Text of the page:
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Making money from intellectual property licensing
Date: Tuesday 26 April 2005
The Patent Office
13-15 Bouverie Street
Followed by drinks and food at the Witness Box pub, just by The Patent Office
4 of 49 places available
Own It and Ideas 21 are celebrating World IP Day by showing you how to make money and then taking you to the pub!
As any inventor knows only too well, good ideas alone won’t make your fortune.
For many inventors and creative businesses, licensing intellectual property is the best way forward and can offer many advantages.
This event will cover the following areas of IP licensing: What is a licence? How do you negotiate a licence? Can you ask a licensee for an up-front payment? How much should the royalty be? Should a royalty decrease (or increase) with volume? How do you find and choose a licensee? What are the dangers of licensing and how can they be minimised?
About the speakers
Richard Gallafent is a patent and trade mark attorney with over 35 years experience of advising companies and individuals about licensing and negotiating licensing agreements.
Roland Hill is the inventor of contravision (http://www.contravision.com); patented one-way vision, see-through graphics, often seen on buses and telephone boxes. Roland will share his experiences of how he turned his clever inventions into a money-making business. He is a civil engineer and member of the government’s Intellectual Property Advisory Committee.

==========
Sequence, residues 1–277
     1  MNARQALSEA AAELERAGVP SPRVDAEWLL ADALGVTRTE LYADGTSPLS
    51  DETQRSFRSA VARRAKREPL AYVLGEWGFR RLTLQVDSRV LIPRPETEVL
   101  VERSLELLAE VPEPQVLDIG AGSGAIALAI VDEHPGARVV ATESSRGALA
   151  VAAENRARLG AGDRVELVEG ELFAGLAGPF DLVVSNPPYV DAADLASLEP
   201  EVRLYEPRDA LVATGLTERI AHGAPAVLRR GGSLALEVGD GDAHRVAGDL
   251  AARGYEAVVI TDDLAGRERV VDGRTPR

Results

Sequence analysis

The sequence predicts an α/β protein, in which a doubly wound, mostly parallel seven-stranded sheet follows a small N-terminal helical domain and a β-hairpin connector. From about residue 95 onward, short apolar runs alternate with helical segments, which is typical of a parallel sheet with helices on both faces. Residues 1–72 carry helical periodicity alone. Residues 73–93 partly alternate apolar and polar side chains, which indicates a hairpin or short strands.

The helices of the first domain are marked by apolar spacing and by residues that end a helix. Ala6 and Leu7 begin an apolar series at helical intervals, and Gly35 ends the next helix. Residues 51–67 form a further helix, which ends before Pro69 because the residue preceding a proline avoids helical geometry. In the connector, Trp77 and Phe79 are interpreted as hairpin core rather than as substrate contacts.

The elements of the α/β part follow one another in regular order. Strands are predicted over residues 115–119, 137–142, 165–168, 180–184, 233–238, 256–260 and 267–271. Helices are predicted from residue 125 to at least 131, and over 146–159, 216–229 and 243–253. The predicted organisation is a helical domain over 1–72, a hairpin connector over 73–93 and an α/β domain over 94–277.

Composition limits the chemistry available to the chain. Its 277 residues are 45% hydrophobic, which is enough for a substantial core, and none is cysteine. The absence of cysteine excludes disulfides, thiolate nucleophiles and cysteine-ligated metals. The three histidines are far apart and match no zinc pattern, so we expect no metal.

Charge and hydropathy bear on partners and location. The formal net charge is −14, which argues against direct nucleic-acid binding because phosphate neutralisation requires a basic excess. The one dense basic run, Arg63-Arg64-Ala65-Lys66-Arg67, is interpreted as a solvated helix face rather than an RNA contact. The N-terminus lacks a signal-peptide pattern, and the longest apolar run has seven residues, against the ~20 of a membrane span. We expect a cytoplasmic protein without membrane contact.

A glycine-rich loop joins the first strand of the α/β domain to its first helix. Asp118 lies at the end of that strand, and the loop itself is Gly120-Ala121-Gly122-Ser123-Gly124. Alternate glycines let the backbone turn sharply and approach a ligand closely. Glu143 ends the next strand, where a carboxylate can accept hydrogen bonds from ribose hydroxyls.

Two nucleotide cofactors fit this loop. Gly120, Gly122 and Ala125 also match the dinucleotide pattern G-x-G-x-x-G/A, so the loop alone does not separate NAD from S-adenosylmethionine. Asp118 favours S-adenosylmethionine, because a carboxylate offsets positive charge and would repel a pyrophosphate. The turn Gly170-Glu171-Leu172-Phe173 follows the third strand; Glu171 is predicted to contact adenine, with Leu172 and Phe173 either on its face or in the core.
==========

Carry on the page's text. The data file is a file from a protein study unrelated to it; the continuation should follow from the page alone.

Dr Paul Leonard, Director, Intellectual Property Institute
Paul began his career as a research biochemist. He worked for BDH Ltd., Merck Ltd. and the Chemical Industries Association, where he developed his interest in IP law. He was appointed Director of the IP Institute in 2000. Paul retains an interest in chemical research and has served as a member of the RAE Panel for Chemistry. He was also a member of the DTI’s Chemicals Foresight Panel. He is a Fellow of the RSA and an Associate of the Chartered Institute of Patent Agents.
The IP Institute is the leading independent research body in the UK addressing all aspects of IP law, but especially its social and economic effects.
Event sponsors or co-organisers